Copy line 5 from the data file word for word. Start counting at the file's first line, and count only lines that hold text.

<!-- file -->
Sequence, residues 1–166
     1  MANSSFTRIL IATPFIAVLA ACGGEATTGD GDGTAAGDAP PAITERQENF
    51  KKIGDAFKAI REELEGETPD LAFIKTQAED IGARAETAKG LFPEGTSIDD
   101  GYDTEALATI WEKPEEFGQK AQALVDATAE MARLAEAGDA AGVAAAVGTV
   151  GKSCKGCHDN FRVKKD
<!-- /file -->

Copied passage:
   151  GKSCKGCHDN FRVKKD